In 1961, Whitaker returned to the US to pursue a degree in wildlife management at the University of Wyoming, Laramie. Though non-existent in India at the time, fisheries and wildlife management had become a significant discipline in the US. With his general love of nature and reptiles, this seemed like an obvious choice.

After a brief visit to his father and friends in New York, he joined university and struggled with zoology and math, but enjoyed palaeontology. For sociology, he drew on his knowledge of India and extolled the virtues of the Marxist government in Kerala, earning himself the nickname “commie” but also a good grade. He armed himself with a shotgun, a Remington rifle and a handgun. On one occasion, he managed to shoot himself in the leg with his pistol, but fortunately the bullet passed through his leg without causing damage. He also remembers his first encounter with a rattler, a 2ft long Northern Pacific rattlesnake. Each encounter with a new species or family of snake only deepened his fascination for these reptiles.

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Whitaker spent the first year hunting and fishing and consequently, when the exams rolled around, failed math. Since his father had decided to stop paying for his education (because he refused to study medicine), Whitaker dropped out and decided to become a travelling salesman to make money. One thing led to another, and he became a merchant marine. Homesick for India, he planned to find a vessel going there and jump ship. Though he had decided to leave for India by catching a ship from Florida, Whitaker had promised himself that he would go to the Miami Serpentarium to meet Bill Haast, “the world’s most famous snakeman”. Serendipitously, a position opened up and Whitaker took it. Handling and maintaining a variety of venomous snakes from across the world, the time with Haast and his team would teach Whitaker the skills he needed to start his career as a “snakeman” in India. Encounters with moccasins, a large eastern diamond back, gator-catching and other herp adventures mark this seminal period. This all ended abruptly in early 1965 when he was drafted into the US Army.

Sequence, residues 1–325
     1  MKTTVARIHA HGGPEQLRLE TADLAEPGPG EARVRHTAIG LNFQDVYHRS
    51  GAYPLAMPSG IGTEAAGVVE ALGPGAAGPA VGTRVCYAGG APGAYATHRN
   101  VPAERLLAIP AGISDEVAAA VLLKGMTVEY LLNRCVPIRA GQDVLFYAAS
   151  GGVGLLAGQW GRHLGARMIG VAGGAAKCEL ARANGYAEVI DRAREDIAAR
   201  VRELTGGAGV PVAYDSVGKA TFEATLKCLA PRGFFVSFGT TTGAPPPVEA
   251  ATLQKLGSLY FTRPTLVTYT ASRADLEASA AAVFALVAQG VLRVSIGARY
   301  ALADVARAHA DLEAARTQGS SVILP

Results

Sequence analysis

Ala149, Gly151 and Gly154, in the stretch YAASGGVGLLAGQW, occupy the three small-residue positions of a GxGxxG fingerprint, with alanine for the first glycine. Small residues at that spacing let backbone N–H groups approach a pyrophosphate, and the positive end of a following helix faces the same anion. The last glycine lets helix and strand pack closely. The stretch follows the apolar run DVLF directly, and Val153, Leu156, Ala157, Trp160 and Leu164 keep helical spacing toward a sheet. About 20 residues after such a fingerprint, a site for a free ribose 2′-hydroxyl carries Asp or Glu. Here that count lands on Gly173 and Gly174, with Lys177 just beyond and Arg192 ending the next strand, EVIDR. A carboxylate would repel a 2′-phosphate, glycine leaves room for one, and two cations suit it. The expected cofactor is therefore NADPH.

After a period of training at Fort Gordon Georgia and using his weekend passes to go snake hunting with his friends, Whitaker was assigned as a medical technician in a hospital in El Paso, Texas. Grateful not to have to “kill people or be blown up in Vietnam”, Whitaker learnt a whole bunch of lab techniques and collected blood samples with his team, humorously christened the “Vampire Squad”. He spent his spare time trying different drugs and looking for snakes in the surrounding desert, one time being hospitalised after a nasty bite from a prairie rattler. As the war in Vietnam heated up, Whitaker signed up to be a lab technician in Japan. Soon after, he was done with his army stint and discharged. Catching rattlesnakes (getting bitten again) and doing other odd jobs to buy his ship ticket, Whitaker finally returned to India in 1967.

What a ride. And Whitaker’s not even at the halfway point of his amazing story. In fact, the part that we are all familiar with—his career as India’s snakeman, king cobra wrangler, founder of the Madras Snake Park and Madras Crocodile Bank Trust, National Geographic filmmaker, winner of many awards—starts after this. Whitaker’s impact on conservation the last 50 plus years has been profound. Through inspiring a generation of herpetologists and starting projects on snakes, crocodiles and sea turtles around the country, Whitaker brought much needed attention to the conservation of these fauna. But that comes later—this is just Volume 1 of the autobiography.

The book would be unputdownable anyway but Whitaker spices it up further with endearing anecdotes, a candid style and a deep honesty about both events and experience. At the end, one is left marvelling at the movie-star persona and the thrilling narrative of his life. And more than anything, waiting with bated breath for the rest of it.